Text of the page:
People of Northwest Public Radio
Wed March 28, 2012
Warm Winter Means Buggy Spring In Southern Idaho
Here come the bugs. It was a warm winter in the southern half of Idaho, in Montana and points east. That means insects are emerging earlier and will have longer breeding seasons.
Jonathan Ross is with Gemtek Pest Control in Boise. He says calls for service are up 40 percent this month over a year ago.
“And if we look at the last five or six years it’s really higher than it’s been any of those years.”
Ross says he’s getting calls for house ants in people’s pantries. But he’s especially worried about a possible banner year for what he calls flying, stinging insects.
“Like wasps, yellow jackets, mud daubers. They tend to be a problem year-in and year-out, but to have started to even see them this early it doesn’t bode well for the rest of the year in terms of their population size.”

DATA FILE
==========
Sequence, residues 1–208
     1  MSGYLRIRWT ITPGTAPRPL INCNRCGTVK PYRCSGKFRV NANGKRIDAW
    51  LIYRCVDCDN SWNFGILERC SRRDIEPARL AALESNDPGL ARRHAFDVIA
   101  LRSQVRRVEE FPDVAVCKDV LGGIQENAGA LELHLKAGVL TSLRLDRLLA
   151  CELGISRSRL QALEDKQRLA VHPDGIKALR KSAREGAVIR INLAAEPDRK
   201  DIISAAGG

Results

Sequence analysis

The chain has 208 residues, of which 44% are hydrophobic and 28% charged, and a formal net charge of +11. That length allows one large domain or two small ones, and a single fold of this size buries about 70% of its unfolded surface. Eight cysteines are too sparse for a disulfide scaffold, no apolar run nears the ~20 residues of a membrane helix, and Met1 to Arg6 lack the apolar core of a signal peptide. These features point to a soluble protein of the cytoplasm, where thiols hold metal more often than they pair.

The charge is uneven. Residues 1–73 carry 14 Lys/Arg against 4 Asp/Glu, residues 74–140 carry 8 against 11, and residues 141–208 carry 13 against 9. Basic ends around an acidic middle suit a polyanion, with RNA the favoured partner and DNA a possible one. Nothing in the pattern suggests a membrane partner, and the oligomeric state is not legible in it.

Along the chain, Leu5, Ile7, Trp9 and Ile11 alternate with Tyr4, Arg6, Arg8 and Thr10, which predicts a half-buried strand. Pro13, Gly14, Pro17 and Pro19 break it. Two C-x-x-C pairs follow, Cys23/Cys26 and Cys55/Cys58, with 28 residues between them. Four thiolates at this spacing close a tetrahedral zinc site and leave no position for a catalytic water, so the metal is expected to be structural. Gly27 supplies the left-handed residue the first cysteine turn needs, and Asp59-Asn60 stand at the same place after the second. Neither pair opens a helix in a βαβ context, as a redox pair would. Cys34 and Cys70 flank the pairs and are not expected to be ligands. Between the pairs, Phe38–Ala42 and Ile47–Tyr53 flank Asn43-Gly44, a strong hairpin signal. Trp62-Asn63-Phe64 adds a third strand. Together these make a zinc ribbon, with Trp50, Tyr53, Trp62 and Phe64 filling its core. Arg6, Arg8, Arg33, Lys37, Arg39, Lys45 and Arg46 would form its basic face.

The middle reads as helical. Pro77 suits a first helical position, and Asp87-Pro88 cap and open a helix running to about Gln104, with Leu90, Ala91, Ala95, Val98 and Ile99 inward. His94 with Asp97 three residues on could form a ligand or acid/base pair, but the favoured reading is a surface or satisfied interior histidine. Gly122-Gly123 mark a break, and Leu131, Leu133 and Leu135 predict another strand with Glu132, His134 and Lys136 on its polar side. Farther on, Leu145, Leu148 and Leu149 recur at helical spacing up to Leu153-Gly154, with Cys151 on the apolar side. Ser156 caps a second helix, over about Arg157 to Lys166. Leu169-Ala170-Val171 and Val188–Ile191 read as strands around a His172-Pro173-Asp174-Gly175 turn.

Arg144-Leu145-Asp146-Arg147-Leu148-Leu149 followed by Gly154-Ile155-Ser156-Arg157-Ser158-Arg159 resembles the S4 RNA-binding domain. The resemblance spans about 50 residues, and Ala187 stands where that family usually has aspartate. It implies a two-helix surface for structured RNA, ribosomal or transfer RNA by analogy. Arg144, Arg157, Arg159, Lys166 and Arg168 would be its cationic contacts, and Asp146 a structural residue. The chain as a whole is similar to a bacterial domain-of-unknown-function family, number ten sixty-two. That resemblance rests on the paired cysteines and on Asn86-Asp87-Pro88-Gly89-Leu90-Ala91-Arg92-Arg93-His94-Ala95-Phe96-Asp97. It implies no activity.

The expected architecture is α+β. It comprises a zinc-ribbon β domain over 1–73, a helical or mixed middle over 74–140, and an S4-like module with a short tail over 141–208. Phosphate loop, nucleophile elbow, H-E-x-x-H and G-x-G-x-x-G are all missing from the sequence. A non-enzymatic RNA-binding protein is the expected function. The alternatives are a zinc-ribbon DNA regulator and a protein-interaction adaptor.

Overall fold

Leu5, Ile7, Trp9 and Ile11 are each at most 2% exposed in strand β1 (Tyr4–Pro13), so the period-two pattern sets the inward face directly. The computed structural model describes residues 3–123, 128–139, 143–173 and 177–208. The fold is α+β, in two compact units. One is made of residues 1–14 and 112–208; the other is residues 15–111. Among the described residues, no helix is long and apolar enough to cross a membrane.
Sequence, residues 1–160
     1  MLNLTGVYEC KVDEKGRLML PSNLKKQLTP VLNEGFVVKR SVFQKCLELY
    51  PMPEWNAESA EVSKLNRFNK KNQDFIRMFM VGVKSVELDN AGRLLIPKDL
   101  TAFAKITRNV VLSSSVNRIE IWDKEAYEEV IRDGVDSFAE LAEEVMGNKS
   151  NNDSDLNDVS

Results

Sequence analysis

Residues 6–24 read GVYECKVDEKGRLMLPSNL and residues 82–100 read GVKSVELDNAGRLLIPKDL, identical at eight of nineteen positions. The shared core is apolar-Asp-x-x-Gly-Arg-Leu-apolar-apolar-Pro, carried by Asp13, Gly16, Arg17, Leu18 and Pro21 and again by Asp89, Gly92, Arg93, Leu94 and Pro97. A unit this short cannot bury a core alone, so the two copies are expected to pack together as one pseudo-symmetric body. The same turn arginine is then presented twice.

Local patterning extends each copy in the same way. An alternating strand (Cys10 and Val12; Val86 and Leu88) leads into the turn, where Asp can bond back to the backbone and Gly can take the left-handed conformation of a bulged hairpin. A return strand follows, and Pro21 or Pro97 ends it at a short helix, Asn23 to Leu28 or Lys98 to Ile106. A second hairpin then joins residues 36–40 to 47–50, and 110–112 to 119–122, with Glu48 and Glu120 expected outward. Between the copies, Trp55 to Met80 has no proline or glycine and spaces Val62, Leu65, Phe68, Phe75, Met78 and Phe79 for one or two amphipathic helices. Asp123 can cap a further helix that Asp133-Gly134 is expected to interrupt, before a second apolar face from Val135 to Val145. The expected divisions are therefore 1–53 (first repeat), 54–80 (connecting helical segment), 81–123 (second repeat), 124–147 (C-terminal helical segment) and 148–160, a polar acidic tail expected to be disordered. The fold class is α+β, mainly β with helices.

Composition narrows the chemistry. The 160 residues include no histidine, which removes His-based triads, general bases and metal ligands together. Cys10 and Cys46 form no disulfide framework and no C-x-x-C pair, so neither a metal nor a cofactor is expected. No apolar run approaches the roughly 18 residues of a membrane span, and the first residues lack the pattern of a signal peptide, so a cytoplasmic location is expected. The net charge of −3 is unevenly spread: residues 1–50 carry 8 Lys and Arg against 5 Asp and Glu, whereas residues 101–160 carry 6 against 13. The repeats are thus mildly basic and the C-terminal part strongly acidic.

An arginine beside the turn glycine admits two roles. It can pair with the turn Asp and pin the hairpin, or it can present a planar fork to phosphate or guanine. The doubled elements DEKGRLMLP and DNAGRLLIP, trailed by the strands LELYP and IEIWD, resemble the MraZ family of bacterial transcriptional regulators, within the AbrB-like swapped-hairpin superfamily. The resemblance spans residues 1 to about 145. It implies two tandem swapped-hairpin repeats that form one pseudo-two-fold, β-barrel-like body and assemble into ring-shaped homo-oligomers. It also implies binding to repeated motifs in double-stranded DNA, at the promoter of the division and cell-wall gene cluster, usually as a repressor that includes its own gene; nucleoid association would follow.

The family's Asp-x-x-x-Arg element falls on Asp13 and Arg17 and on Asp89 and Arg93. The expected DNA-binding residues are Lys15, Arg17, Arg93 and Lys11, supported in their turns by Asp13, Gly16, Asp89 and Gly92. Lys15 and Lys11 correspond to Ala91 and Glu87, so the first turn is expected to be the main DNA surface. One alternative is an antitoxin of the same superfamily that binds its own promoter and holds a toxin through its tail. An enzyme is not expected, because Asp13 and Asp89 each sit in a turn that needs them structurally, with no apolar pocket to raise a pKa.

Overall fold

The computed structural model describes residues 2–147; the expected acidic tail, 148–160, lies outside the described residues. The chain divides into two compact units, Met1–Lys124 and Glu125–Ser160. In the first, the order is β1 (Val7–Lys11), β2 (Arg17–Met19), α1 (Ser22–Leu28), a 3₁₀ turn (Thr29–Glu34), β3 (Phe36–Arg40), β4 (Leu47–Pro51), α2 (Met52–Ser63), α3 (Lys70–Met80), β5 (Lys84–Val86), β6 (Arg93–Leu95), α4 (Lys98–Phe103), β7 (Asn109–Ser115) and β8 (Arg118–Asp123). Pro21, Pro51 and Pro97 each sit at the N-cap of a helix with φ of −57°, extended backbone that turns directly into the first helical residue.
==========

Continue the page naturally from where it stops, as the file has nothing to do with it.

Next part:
Ross says he’s watching for earwigs and box elder bugs to creep out in the coming weeks.
While the southern half of Idaho experienced a warmer-than-usual winter, the rest of the Northwest was normal. That means Oregon and Washington residents probably don’t have to worry about being swarmed.
Copyright 2012 Northwest News Network